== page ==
While the education market holds huge potential for interactive LFDs as panel prices fall, the corporate collaboration market is less price sensitive. Consequently, collaborative solutions are high on the hit list of the major LFD vendors, with most choosing to show integration with mobile devices at ISE. InFocus showed the next products in its Mondopad range, including a black box (seen pictured below with a prototype of the forthcoming ‘Mondo phone’. The box turns any interactive LFD into a Mondopad.
While not at ISE, Smart Technologies has been selected by Microsoft as one of the software giant’ partners to bring to market a collaborative room solution based around Lync. The SMART Room System was unveiled by Steljes at UC Expo. Sam Baker, head of product management at Steljes, believes that access to the community of Microsoft Lync users will accelerate adoption of interactive collaboration:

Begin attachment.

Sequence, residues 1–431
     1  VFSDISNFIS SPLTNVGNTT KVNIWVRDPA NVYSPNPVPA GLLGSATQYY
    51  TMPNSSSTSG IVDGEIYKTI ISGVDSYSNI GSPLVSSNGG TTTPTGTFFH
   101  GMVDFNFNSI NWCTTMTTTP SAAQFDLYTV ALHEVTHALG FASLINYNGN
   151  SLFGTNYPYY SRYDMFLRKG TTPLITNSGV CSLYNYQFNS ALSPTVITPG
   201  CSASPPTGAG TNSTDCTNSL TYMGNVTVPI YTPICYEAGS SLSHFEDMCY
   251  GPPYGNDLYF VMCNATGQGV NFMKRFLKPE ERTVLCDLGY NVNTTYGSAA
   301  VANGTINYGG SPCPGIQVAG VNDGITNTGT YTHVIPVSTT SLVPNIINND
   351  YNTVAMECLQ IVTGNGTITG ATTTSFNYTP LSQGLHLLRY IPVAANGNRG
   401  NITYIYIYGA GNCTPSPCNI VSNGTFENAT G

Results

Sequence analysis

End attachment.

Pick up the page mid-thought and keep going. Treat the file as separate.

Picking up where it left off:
“The business case for deploying Steljes’ unified, collaborative meeting room solutions is compelling. Companies are seeing a return on investment within months. It is not just the reduction in costs, time and travel but the ability to improve the speed at which the business can respond increases dramatically and companies are seeing this as a real competitive edge.”
Interactive LFDs: spoilt for choice?
Surveying the market for interactive LFDs a year ago would have produced a fairly lean crop unless you were willing to entertain the idea of custom fitting an overlay. Overlays were never really all that popular with the corporate market, for reasons that nobody really understood.
On the strength of the ISE 2013 showing, there will be no shortage of choice of interactive LFDs going forward. Among the interactive specialists, UK market leaders Sahara showed its new 70-inch CleverLED which offers a sufficiently large canvas for both education and collaboration applications. The bundled Lynx software is proving increasingly popular among education users.